Actually, Ryszard's wording here is misleading -- the RC only says
        that the first element in _Huorn_ "could be" KHUG-; this is Hammond
        and Scull's statement, not Tolkien's. They add that this derivation
        "appears to be supported" by unpublished etymological notes; again,
        note that Hammond and Scull's cautious wording indicates that we are
        dealing here with a still-uncertain _possibility_, not any flat and
        definitive statement that _huorn_ contains KHUG- 'bark, bay'. In
        our rush of enthusiasm for this new material in the RC, we must
        be careful not to distort the facts in reporting them!

        Finally, if I may don my moderatorial hat -- I would also request,
        since this list is devoted to scholarly rather than fannish discussion,
        that contributors please sign their posts with their real names, in
        addition to whatever Elvish appellations they choose to go by. It
        would be greatly appreciated!

        [I second that, and would further ask that we not use the Elvish
        names at all -- this is a scholarly, not fannish, list, and we should
        comport ourselves accordingly. -- CFH]

        -- Patrick H. Wynne
      • Atwe
        ... Greetings, the correct link seems to be http://elendili.pl/viewtopic.php?t=1298. [How odd! I tried the link before I passed the message on to the list, and
        Message 3 of 4 , Dec 1, 2005
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          --- Galadhorn Elvellon <galadhorn@...> wrote:

          > On the Elendili (Polish-language) mailing list, in
          > the thread titled
          > "Dictionary of the newly revealed words"
          > <http://elendili.pl/viewtopic.php?p=0974#30974>, I
          > am trying to list all the newly revealed words (at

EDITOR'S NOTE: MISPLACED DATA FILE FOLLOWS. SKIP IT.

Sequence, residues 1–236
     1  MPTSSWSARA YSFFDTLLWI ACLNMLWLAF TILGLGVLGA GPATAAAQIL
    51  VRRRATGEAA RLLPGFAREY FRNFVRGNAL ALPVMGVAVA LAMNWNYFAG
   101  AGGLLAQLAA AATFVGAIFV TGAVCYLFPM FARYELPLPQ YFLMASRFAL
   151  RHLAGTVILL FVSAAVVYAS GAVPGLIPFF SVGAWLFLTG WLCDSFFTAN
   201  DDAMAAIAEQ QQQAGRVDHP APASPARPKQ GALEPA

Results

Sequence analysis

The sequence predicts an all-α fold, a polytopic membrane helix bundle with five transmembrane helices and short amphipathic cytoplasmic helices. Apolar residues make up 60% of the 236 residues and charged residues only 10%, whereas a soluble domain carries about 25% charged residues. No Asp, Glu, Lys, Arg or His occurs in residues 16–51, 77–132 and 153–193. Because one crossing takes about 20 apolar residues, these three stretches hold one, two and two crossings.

> the
          > moment only Sindarin entries, more to come since I
          > am still reading the
          > book) from Hammond and Scull's _The Lord of the
          > Rings. A Reader's
          > Companion_ (RC).

          Greetings,

          the correct link seems to be

          http://elendili.pl/viewtopic.php?t=1298.

          [How odd! I tried the link before I passed the message on to the list, and it
          worked fine! Somehow, a "3" got dropped after "?p=" in the link during
          the review process. Thanks for correcting this! -- CFH]

          Regards,

          Thomas Ferencz

          -- love is the shadow that ripens the wine --

          Let's discuss Eldarin languages - http://aglardh.middangeard.hu




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        • Richard Derdzinski
          ... In fact the link is: . Thomas showed the link to the Polish version of this topic, but we have also its English
          Message 4 of 4 , Dec 2, 2005
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            Thomas Ferencz wrote:

            > the correct link seems to be
            >
            > http://elendili.pl/viewtopic.php?t=1298.

            In fact the link is: <http://elendili.pl/viewtopic.php?t=1300>. Thomas
            showed the link to the Polish version of this topic, but we have also
            its English version in the "Westron Speakers' Corner". I agree with
            Patrick Wynne's corrections of my interpretations of _Dol Baran_ and
            _huorn_. Thank you :-)